Mike: Rod Brind’Amour, Carolina Hurricanes — Florida and Tampa Bay are going to the playoffs. Nashville has the inside track to the fourth spot in the Central, over a Dallas team that went to the Stanley Cup Final last year. Carolina’s record against those four teams this year? That would be 22-4-4. Someone deserves credit for that, might as well be Brind’Amour.
GM OF THE YEAR
Lauren: Don Sweeney, Boston Bruins — I’m solely basing this on the trade-deadline acquisitions that Sweeney pulled off. He was able to trade for Taylor Hall, Curtis Lazar and Mike Reilly, and they’ve all significantly helped the Bruins in the home stretch of the regular season. Not to mention Hall really has revitalized David Krejci and provided him the winger he’s so desperately needed the last few seasons.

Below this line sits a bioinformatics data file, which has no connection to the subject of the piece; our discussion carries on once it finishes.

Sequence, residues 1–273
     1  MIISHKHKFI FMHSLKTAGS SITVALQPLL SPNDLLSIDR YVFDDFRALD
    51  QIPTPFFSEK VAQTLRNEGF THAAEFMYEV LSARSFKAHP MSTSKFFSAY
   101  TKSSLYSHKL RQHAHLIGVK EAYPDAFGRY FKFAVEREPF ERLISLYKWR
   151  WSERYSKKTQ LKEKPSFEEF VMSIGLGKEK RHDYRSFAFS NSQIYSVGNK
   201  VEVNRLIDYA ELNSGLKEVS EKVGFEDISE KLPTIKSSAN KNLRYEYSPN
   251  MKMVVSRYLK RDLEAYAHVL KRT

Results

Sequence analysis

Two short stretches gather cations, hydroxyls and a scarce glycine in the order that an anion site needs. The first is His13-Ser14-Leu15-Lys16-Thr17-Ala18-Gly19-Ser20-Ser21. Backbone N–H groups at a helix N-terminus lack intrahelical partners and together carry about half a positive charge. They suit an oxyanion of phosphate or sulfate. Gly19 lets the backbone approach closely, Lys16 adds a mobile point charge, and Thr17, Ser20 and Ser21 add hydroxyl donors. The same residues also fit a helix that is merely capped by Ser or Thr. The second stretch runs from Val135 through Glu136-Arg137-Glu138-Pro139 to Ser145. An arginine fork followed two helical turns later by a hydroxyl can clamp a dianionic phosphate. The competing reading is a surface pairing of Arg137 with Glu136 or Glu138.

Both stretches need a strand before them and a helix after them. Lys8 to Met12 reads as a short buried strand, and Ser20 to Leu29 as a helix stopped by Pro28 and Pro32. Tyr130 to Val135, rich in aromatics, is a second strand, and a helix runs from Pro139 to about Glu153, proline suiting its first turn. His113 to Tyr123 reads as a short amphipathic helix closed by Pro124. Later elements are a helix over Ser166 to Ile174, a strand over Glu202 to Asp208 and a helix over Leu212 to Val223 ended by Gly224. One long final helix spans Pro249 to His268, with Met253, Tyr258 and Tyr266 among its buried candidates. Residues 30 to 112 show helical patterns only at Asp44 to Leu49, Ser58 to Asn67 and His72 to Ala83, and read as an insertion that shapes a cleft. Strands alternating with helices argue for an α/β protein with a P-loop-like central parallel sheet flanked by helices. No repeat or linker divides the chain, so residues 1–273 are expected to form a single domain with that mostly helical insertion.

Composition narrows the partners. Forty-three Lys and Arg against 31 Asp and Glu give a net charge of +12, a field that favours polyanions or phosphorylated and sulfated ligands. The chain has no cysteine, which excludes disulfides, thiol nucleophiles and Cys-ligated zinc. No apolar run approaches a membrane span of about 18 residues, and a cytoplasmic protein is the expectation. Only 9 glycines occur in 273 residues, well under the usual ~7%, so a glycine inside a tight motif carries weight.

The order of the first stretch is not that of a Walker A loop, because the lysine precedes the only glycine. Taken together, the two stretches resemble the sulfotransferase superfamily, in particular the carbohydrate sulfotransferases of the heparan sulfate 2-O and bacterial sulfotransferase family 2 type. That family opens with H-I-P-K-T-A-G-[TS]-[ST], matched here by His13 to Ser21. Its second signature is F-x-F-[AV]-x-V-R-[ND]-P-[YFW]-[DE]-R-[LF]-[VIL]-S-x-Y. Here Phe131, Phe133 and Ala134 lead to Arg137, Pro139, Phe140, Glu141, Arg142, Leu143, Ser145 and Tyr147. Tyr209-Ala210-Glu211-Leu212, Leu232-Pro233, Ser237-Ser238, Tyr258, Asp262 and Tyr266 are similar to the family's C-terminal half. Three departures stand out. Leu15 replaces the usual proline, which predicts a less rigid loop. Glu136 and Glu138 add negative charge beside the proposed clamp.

Logan: Bill Zito, Florida Panthers — The Panthers had the odds stacked against them right from the beginning with a tough division plus a delayed start to their season. But, somehow, he built a resilient group that became at times the class of the NHL. It seems like he pushed all the right buttons: He kept Keith Yandle and MacKenzie Weegar, and that’s worked out. He stabilized a long porous back end with the Radko Gudas addition, even building solid depth with Markus Nutivaara. Carter Verhaeghe, Anthony Duclair, Alexander Wennberg, Patric Hornqvist, are all forward signings that have panned out.
Mike: Kyle Dubas, Toronto Maple Leafs — The real answer probably should be Julien BriseBois for finding a loophole that will allow his team to have Steven Stamkos and Nikita Kucherov for the playoffs. But for the sake of this exercise, we’ll go with Dubas. He’s been able to augment the roster and seemingly find a balance of talent and “grit” that Toronto has lacked in recent years, while maneuvering a seemingly tricky cap situation. Toronto feels like a real playoff threat this year.